Writings from Christine

What Is Emotional Blackmail?

by on August 10, 2016

Movies love to portray the inner and outer conflict that arises from being blackmailed, especially when someone’s life hangs in the balance. There is the villain (the blackmailer), the victim (the target), a demand (what is being asked for), and a threat (what negative thing will happen if the victim refuses to comply). But blackmail does not have to be a life or death threat to be real. It can be more subtle than that.

Blackmail. Here are a couple of examples in everyday life. At school, one child says to another, “If you don’t say I’m the coolest, then I’ll beat you up.” In a neighborhood, it is a neighbor threatening to do property damage if turned into the homeowner’s board. At the office, a co-worker who knows some private personal information threatens to use it against another in exchange for a small fee. This type of blackmail has some sort of physical or tangible harm attached.

Emotional Blackmail. This is a bit different. The threat is not tangible, rather it is emotional. Susan Forward and Diane Frazier (Forward and Frazier, 1997), coined the acronym FOG (fear, obligation, and guilt) to describe the three main emotions a blackmailer uses against a victim. Because the threat is not tangible, the villain can easily claim no responsibility. Their logic is that if the victim did not feel fear, obligation, or guilt then they wouldn’t be able to blackmail them. The target gives into the demand because they don’t want to experience the negative emotion. This is often cyclical and can build in intensity as the threats are effective.

Fear. In order for a blackmailer to be successful, they must know what the target fears. This fear is often deep rooted such as fear of abandonment, loneliness, humiliation, and failure. These fears tend to be unique in intensity to individuals so one person may not perceive that a threat is being made while another one is mortified. The allows the villain to have some additional cover in their deception. A common threat is “If you don’t do this,” the blackmailer will leave the relationship, isolate the victim from friends, ridicule the victim in front of family, or expose some past failure.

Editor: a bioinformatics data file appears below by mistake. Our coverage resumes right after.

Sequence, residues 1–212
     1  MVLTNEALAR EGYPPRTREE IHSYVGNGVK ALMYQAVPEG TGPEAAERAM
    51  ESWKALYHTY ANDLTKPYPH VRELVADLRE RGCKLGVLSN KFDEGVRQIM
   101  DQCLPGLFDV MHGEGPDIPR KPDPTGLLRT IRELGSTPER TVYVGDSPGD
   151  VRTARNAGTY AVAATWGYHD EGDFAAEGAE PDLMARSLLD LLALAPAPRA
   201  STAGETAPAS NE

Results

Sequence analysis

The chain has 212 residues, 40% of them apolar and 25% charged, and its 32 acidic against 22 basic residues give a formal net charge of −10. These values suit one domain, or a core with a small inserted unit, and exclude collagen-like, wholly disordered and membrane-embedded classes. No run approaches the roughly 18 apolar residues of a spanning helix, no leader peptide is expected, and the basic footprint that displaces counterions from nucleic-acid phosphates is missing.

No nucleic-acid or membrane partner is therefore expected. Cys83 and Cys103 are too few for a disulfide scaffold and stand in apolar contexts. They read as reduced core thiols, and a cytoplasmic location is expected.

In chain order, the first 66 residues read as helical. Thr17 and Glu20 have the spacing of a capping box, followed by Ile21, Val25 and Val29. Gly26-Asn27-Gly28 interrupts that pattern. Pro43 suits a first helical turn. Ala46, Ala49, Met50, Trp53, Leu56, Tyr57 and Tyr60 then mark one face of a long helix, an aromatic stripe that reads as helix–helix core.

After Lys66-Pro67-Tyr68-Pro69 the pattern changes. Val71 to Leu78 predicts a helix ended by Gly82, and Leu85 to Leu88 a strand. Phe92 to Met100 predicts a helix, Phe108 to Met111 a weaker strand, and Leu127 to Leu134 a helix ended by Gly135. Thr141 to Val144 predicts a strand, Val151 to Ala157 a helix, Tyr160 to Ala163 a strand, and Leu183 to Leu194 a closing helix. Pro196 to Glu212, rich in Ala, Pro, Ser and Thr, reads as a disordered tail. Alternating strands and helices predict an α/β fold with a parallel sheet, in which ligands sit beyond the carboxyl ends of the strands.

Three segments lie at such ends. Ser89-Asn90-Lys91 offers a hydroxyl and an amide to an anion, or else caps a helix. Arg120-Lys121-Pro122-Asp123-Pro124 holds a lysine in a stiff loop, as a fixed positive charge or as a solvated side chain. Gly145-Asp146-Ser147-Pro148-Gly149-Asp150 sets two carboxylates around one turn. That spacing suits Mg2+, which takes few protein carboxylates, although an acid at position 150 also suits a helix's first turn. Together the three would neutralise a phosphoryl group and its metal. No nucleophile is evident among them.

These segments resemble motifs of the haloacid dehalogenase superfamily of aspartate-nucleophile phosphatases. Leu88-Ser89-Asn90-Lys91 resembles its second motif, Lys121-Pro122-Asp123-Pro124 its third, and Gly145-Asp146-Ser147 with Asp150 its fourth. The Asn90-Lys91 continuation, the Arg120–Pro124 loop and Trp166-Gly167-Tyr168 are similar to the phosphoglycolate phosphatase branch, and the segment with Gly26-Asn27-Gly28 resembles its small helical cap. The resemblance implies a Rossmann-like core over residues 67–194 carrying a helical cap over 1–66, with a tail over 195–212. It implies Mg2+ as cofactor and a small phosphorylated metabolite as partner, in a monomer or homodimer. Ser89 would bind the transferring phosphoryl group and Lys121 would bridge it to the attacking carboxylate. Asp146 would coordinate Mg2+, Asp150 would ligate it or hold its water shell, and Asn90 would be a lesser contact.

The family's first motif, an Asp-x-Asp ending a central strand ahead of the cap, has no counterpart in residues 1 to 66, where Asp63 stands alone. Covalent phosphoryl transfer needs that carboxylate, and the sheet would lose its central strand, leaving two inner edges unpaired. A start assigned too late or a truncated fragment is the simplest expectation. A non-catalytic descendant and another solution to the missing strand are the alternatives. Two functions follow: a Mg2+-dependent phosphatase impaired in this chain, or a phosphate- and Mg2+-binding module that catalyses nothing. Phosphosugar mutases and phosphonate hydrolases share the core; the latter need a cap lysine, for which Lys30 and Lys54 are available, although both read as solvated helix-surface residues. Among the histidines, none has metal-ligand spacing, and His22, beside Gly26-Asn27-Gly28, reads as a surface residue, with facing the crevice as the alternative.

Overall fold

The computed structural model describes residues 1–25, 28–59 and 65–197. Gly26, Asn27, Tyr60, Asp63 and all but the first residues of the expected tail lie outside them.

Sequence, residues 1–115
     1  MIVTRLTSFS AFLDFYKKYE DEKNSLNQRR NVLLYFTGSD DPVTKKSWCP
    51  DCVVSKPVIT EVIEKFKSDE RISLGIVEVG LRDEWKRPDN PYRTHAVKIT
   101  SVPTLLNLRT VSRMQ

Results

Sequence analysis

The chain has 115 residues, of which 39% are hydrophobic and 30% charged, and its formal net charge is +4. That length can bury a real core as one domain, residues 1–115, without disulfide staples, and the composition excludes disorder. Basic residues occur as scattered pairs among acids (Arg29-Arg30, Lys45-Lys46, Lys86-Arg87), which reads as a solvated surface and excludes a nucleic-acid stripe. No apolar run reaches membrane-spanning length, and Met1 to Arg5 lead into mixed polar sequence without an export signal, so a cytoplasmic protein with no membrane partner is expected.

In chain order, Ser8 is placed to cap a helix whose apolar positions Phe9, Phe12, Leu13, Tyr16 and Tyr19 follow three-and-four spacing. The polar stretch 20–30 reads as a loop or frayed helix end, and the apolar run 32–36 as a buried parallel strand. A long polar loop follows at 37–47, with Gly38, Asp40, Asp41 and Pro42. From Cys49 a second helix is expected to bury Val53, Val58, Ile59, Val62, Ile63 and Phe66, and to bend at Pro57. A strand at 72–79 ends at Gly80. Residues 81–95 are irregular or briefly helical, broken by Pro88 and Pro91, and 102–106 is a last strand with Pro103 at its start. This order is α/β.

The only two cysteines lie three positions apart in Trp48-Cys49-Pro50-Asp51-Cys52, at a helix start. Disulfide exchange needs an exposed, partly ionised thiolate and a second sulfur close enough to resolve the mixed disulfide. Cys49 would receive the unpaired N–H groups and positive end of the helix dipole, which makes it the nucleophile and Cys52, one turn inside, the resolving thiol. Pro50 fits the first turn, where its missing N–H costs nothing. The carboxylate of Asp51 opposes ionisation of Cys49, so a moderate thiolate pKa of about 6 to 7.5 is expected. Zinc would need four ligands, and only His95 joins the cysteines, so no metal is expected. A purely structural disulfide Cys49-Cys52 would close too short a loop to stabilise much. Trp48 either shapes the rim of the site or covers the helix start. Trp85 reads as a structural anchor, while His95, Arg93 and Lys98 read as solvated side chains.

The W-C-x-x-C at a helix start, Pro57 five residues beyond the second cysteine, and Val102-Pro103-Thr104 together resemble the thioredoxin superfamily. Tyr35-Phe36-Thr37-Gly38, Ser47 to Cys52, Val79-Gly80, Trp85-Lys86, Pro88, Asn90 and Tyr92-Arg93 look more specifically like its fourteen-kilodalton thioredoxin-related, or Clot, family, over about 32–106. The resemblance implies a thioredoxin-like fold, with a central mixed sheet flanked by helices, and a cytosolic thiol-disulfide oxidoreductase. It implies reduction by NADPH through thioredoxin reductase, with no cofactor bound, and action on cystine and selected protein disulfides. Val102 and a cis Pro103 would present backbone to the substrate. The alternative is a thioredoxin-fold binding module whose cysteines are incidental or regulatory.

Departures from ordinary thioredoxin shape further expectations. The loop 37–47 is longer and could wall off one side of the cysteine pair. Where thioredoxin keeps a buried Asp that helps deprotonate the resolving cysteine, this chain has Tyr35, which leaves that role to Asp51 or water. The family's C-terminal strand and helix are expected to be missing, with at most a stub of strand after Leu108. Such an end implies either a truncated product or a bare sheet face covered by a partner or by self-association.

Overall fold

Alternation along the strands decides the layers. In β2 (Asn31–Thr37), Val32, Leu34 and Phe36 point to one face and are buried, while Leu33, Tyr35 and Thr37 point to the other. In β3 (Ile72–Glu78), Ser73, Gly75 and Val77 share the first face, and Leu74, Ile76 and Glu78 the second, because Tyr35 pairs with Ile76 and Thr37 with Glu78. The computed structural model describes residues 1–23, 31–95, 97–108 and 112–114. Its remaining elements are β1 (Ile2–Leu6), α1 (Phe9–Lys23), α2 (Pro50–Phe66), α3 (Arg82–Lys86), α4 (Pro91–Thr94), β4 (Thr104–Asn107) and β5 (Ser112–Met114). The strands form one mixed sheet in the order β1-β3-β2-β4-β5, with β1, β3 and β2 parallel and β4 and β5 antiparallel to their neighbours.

Obligation. This is a favorite blackmail tactic of most addicts. In order for an addict to justify their addiction, they need to blame others. This refusal of accepting any responsibility for their behavior translates into projecting responsibility onto others. Thus, emotional blackmail through obligation is born. The victim, who is usually the enabler, repeatedly falls into this trap hoping that by doing what is asked, the villain will stop. However they don’t, it just escalates. Here are a couple of examples. “I won’t need to look at porn if you gave me sex.” “If you kick me out of the house, I’ll be forced further into my addiction (or some criminal activity).” “If you don’t take the fall for me, I’ll wind up losing my job (in prison, homeless, or dead).”

Guilt. This type of emotional blackmail is more commonly known as “guilt-tripping.” Unlike the other two categories, this one has a mutual negative threat attached to the villain. The threat is designed to make the victim feel guilty for causing some negative outcome to the blackmailer. Many times the guilt is implied and the demand is not overtly stated. For instance, “You make me feel so angry (rejected, abandoned, or unloved),” “Only a selfish person would do that,” or “If only my life was as easy (good) as yours.” These backhanded remarks leave the victim feeling guilty for causing some pain to the villain. However, the pain does not have to be real for the blackmailer to utilize it, rather it is a projection of the pain the target might feel.

Understanding emotional blackmail is a critical step in eliminating its effectiveness. The next part is harder; the target must stop being a victim. This can be done by ignoring the comments or refusing to cave into the demands.

Posted under: Anxiety Trauma Writings from Christine

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